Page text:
Churchill’s close relationship with the United States has been reaffirmed in the years since his death. For some, the ‘special relationship’ has been symbolized by the bust of Winston Churchill which is currently on display in the Oval Office. Often cited as the reason behind his devotion to America, Churchill’s mother was born as Jennie Jerome in Brooklyn, New York. Churchill’s ancestry included two individuals who fought in the American War of Independence against the British, and he allegedly could also claim Native American roots.

The Second World War has been viewed by many to be the crystallising moment of the ‘special relationship’. Between 1939 and 1945, Churchill exchanged 1,700 letters and telegrams with President Roosevelt. One of the earliest uses of the term ‘special relationship’ was during the famous ‘Iron Curtain’ speech at Fulton, Missouri in 1946. In this speech, the deep alliance across the Atlantic was employed as a talisman against the global threat posed by the Soviet Union.

However, during Churchill’s second term in office from 1951, many on both sides of the Atlantic viewed his preoccupation with the ‘special relationship’ as a declining empire’s attempts to remain relevant as a major power. In this source, Churchill states, ‘It is a remarkable comment on our affairs that the former Prime Minister of a great sovereign state should thus be received as an honorary citizen of another. I say “great sovereign state” with design and emphasis, for I reject the view that Britain and the Commonwealth should now be relegated to a tame and minor role in the world.’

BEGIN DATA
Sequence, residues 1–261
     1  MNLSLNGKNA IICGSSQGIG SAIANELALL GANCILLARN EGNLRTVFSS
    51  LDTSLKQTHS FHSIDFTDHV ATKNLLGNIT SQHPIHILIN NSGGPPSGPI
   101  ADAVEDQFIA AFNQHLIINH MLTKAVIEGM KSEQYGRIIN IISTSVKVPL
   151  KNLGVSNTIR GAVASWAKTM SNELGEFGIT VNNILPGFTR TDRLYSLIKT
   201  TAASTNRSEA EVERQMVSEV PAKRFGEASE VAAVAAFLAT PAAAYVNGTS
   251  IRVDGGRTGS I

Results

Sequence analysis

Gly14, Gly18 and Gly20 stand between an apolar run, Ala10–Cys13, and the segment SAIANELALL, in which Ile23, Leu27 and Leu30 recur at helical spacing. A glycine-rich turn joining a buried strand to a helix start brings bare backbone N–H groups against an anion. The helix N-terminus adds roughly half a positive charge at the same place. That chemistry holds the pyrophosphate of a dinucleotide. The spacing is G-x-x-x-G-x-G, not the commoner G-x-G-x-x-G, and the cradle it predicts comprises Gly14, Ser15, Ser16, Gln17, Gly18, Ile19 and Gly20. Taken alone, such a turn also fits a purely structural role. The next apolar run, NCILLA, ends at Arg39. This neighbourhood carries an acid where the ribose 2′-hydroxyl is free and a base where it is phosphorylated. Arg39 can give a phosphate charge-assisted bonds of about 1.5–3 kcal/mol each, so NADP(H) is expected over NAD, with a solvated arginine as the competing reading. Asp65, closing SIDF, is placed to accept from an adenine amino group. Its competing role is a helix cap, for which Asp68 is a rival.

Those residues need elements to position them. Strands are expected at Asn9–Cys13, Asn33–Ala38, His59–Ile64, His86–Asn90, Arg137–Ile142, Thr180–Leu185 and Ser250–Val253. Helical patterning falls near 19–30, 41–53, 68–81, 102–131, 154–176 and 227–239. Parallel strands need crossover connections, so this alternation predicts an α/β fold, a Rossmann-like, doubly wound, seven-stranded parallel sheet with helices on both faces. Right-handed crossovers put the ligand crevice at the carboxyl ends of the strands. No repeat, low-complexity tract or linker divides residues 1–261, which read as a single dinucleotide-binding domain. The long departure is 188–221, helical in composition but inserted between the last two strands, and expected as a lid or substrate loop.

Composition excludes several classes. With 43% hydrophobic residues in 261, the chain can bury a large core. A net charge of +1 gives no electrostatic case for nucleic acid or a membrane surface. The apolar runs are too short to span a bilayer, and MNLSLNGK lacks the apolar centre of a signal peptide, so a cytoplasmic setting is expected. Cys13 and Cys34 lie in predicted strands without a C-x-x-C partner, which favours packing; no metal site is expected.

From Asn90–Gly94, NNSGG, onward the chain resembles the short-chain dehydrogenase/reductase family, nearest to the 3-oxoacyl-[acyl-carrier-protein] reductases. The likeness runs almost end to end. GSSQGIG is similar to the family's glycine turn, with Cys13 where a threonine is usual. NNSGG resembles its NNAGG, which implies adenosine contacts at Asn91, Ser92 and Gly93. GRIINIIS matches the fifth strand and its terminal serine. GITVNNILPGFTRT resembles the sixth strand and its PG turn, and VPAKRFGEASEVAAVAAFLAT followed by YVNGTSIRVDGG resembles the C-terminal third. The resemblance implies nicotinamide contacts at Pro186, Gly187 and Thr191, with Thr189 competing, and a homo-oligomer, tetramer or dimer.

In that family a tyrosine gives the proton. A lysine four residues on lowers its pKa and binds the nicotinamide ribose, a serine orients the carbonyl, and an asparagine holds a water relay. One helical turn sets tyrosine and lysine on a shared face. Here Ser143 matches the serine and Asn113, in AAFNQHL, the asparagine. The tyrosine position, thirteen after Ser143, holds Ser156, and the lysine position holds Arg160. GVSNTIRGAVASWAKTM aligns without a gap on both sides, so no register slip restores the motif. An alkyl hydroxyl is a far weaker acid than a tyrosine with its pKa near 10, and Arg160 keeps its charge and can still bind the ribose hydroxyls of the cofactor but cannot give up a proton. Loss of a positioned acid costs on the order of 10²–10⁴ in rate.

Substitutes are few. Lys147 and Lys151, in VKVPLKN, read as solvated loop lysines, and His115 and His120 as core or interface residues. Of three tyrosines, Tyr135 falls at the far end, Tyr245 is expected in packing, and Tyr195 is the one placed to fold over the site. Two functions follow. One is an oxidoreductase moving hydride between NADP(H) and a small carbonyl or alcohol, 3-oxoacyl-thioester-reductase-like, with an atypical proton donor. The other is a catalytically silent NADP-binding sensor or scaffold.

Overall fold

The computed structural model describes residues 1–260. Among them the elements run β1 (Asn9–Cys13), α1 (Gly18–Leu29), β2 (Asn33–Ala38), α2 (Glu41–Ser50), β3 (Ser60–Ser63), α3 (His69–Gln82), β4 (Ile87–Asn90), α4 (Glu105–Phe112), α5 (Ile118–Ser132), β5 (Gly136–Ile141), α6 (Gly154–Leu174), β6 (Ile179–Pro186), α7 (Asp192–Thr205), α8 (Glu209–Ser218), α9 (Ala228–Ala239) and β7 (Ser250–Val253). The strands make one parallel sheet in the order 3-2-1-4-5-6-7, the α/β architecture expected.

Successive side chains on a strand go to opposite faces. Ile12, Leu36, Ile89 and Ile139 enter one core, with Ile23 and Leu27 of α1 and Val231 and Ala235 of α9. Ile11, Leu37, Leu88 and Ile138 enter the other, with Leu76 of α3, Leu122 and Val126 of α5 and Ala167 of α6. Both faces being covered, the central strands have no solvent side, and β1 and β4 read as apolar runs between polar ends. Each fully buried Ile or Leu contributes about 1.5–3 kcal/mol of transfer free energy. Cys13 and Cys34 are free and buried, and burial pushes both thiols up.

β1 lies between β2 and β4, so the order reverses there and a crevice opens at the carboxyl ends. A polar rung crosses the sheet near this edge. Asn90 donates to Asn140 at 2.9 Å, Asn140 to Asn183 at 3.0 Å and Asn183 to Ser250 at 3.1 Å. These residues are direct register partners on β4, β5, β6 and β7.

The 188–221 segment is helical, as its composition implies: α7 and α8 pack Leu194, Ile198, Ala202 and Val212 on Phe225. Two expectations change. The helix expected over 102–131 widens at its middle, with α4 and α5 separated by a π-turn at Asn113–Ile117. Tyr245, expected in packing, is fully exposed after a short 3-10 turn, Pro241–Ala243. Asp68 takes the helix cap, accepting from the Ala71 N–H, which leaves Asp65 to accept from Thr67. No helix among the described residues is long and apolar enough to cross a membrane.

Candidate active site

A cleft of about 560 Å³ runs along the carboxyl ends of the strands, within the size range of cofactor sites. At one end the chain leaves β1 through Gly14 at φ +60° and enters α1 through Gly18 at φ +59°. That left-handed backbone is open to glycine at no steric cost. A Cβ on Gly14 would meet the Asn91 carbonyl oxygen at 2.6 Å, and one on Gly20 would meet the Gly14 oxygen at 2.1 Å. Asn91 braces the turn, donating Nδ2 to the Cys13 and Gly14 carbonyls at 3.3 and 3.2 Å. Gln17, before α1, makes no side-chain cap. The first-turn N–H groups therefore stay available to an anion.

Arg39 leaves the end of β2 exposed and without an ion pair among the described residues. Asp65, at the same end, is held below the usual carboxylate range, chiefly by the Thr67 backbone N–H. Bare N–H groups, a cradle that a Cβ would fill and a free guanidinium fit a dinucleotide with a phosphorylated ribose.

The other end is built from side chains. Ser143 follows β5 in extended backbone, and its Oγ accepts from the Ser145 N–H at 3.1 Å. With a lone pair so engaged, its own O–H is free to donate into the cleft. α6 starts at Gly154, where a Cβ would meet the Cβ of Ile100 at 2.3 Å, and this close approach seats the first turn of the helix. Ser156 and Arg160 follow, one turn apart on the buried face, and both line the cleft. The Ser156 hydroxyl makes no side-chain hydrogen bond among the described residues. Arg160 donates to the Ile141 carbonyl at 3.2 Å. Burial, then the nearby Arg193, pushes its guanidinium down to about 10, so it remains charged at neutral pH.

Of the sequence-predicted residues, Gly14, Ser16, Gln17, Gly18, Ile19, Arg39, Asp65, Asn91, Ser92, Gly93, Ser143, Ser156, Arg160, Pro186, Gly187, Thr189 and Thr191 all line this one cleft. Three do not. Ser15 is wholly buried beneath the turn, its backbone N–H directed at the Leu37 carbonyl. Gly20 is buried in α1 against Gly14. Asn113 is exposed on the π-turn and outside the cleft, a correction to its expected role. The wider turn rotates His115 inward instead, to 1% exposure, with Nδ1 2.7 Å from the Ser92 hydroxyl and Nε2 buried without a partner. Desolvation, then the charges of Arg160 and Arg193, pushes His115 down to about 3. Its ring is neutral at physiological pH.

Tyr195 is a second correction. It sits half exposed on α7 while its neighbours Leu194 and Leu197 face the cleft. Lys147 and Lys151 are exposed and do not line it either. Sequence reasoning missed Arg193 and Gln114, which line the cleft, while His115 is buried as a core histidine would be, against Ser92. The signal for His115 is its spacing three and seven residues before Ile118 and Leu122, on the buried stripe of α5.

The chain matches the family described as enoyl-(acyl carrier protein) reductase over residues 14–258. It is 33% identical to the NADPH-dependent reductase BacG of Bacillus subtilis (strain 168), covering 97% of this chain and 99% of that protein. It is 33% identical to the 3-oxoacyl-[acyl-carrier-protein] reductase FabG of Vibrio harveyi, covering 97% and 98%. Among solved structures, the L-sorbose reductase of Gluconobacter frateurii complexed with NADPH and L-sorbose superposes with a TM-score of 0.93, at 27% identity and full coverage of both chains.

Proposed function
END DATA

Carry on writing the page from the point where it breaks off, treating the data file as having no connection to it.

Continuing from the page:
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March 2018

Telegram from Anthony Eden to Winston Churchill informing him of the results of a discussion with President Roosevelt regarding post war Europe

This telegram sent by Anthony Eden, the British Foreign Secretary, to Churchill in March 1943 recounts Eden’s discussion with President Roosevelt during a visit to Washington, D.C. Days later, Churchill made a key broadcast speech in which he laid out his ‘Four Years’ Plan’ for Britain and Europe after the war. Although the war was ongoing, Churchill began to look forward to victory and proposed his ideas for how to restore ‘the true greatness of Europe’. One such idea was to establish a Council of Europe – an international organisation to uphold human rights, democracy and the rule of law in Europe – which was eventually founded in 1949.

Eden’s fascinating telegram outlining Roosevelt’s views on post-war Europe undoubtedly fed into Churchill’s radio broadcast. Eden’s discussion with Roosevelt covered many complex issues – as Eden says in his telegram, ‘[t]his brief account is an inadequate record of a conversation which ranged so widely’ – including armaments, Russia and the future of occupied Poland, the possible dismemberment of Germany, and the Balkan states. Roosevelt was also preoccupied with American-Soviet relations, and worried that his country’s diplomatic ties with Russia were not as strong as Britain’s.

A primary concern to Eden and Roosevelt was the issue of how smaller states in Europe should be governed after the war, and how to respect their individual rights and interests while preventing the outbreak of another conflict. This is a key theme of Churchill’s speech, in which he emphasizes the need for harmony across Europe – something he hoped to promote through his idea for a Council of Europe.